(ATTN: ADDS more info in last 6 paras with comments from official; UPDATES 8th para)
By Yi Wonju
SEOUL, July 30 (Yonhap) — South Korea has conveyed a proposal to North Korea, through a recently restored liaison hotline, to discuss ways to set up a virtual conference system for inter-Korean talks, Unification Minister Lee In-young said Friday.
The proposal was made Thursday via the hotline restored Tuesday after nearly 14 months of suspension, and the North received a document containing the South’s offer, he said.
“Yesterday, we proposed discussing the issue of setting up the system for virtual talks through our liaison office and the North has received a document of our proposal,” Lee told reporters during a press conference in Seoul.
“We hope North Korea will respond positively to our proposal so that we can set up a virtual conference system at an early date,” he said.
Lee said the government will try to complete setting up the system for virtual talks or “safe in-person talks” as soon as possible to move the stalled talks forward amid the global coronavirus pandemic.
“Now that the communication channels have been restored between the two Koreas, we will now discuss our ideas on establishing communication channels with the North and keep preparing so that dialogue can take place at any time,” he added.
Lee stressed that the ministry has already prepared antivirus measures to ensure that the two Koreas hold cross-border talks free from coronavirus concerns.
He also said the ministry has resumed approving requests from civilian organizations to provide assistance to Pyongyang, starting with two in the afternoon, after a 10-month hiatus since the North’s killing of a South Korean fisheries official near the inter-Korean sea border in September last year.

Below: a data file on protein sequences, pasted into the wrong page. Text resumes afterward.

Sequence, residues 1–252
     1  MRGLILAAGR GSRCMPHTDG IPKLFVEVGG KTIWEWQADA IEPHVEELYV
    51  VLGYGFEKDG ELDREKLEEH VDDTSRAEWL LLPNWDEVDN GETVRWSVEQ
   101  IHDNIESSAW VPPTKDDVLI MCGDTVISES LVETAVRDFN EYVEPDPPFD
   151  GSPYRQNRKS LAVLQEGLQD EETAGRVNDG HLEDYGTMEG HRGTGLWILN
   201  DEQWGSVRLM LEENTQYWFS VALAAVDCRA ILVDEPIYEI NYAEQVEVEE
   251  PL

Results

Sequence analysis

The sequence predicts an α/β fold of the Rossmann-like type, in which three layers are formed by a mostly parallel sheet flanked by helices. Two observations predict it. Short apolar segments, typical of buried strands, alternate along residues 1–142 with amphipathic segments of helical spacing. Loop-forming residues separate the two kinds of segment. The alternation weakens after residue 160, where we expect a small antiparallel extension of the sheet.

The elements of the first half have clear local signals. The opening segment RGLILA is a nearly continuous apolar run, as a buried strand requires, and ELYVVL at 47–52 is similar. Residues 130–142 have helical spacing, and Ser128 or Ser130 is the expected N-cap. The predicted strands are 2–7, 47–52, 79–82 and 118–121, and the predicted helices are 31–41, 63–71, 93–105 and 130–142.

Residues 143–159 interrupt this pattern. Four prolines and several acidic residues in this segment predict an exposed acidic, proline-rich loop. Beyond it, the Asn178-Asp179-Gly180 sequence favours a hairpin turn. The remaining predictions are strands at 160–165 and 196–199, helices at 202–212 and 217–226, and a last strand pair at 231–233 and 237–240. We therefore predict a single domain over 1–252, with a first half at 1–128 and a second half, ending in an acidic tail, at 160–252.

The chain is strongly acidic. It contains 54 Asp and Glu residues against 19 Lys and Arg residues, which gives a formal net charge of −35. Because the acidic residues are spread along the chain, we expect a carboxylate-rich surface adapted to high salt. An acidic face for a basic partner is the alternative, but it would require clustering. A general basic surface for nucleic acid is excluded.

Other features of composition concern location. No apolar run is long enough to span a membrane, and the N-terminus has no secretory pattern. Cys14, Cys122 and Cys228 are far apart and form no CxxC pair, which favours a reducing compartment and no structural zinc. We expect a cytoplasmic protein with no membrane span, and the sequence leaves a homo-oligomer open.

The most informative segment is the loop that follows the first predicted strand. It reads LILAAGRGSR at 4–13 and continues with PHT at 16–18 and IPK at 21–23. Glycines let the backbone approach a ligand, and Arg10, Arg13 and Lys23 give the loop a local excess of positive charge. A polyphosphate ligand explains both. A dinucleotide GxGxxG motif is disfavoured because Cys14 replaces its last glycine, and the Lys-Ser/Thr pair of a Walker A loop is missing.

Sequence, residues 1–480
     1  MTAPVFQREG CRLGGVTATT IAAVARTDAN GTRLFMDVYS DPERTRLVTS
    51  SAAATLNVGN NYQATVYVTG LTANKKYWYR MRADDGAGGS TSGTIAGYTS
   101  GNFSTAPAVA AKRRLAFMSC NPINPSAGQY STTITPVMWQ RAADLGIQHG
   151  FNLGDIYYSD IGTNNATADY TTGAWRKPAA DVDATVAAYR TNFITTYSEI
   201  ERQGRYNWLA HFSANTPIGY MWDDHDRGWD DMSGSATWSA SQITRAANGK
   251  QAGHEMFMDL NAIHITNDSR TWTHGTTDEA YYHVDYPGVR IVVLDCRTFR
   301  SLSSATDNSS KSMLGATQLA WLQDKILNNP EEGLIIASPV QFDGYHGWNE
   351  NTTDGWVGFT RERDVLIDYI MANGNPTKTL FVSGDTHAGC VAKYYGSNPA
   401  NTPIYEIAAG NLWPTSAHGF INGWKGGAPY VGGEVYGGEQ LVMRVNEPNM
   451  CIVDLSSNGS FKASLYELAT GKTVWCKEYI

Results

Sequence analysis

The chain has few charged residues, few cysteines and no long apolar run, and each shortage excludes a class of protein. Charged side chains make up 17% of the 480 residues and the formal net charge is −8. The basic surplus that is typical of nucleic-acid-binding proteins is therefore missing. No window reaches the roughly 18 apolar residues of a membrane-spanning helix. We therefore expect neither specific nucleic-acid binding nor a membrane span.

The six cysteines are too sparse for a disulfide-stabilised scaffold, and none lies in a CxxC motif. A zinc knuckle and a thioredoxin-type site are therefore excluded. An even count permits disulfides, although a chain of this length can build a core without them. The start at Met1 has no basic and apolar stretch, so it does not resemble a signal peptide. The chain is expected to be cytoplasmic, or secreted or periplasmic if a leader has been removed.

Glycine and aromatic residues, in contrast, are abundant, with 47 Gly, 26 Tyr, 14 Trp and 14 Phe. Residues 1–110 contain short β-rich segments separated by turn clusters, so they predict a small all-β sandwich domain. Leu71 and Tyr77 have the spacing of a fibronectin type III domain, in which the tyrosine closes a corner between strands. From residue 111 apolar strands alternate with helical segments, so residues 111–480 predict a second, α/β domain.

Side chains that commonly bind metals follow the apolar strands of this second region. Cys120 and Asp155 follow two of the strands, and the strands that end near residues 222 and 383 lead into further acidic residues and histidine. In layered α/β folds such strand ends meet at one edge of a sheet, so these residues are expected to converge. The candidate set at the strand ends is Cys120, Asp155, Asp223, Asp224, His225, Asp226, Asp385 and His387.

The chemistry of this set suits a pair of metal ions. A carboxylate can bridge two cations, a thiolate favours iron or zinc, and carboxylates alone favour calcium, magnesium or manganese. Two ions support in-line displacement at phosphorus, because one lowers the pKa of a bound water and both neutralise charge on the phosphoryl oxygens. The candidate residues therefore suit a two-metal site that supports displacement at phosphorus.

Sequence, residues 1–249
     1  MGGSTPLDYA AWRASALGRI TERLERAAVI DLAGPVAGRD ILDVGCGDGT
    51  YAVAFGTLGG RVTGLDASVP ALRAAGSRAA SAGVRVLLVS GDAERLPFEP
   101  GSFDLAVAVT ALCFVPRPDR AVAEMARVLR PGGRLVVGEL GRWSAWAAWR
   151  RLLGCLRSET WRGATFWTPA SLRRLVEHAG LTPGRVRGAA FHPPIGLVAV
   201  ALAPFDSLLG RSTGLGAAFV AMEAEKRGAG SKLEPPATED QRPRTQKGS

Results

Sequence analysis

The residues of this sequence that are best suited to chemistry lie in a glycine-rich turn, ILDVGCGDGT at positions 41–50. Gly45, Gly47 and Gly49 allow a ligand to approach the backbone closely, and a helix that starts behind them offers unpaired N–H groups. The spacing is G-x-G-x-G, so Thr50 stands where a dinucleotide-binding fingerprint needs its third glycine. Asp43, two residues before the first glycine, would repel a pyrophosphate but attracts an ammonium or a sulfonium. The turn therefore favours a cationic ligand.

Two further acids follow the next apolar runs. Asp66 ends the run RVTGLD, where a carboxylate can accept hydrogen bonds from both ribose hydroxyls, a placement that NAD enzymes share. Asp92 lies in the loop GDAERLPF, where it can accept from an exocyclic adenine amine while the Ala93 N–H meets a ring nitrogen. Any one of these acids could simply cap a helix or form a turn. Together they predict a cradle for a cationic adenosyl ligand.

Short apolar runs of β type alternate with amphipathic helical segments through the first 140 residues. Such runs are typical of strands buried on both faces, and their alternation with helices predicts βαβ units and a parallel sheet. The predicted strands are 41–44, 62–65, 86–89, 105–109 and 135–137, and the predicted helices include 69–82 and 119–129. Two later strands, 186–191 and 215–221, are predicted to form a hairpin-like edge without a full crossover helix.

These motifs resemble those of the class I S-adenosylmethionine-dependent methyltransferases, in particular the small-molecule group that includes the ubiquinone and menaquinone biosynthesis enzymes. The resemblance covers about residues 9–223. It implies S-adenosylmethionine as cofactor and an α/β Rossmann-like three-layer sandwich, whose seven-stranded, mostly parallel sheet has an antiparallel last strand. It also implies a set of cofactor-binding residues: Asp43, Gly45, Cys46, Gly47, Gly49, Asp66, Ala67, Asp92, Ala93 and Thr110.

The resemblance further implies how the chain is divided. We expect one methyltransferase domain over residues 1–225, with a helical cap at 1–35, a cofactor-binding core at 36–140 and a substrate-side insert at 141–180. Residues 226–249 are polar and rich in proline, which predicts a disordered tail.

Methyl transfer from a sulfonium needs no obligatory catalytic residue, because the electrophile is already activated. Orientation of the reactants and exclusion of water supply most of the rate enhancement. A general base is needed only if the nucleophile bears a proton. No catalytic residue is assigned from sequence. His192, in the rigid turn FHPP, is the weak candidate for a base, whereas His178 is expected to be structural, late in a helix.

“The decision was made considering the consistent requests from civilian organizations for humanitarian assistance and the North’s situation, especially on the urgency of assistance related to public health and nutrition,” Lee said.
A high-ranking ministry official later explained that the ministry has detected signs that the border between the North and China has opened up via sea and “has a possibility of opening via land.”
On Tuesday, four hotlines were restored nearly 14 months after the North cut them off in June last year in protest of anti-Pyongyang propaganda leaflets coming in from the South.
The official said the North’s decision to reconnect the severed communication lines is reflective of the trust between President Moon Jae-in and North Korean leader Kim Jong-un.
The official said the North could have positively assessed the recent summit meeting between Moon and U.S. President Joe Biden and their policy direction toward the North.
He said the restoration is believed to be part of the North’s “steps to take minimum measures in inter-Korean relations to move U.S.-North Korea relations forward.”
The ministry is currently drafting a list of nearly 30 agenda items to discuss with the North when inter-Korean talks resume, including assisting the North with coronavirus vaccines and the North’s explosion of the liaison office, the official said.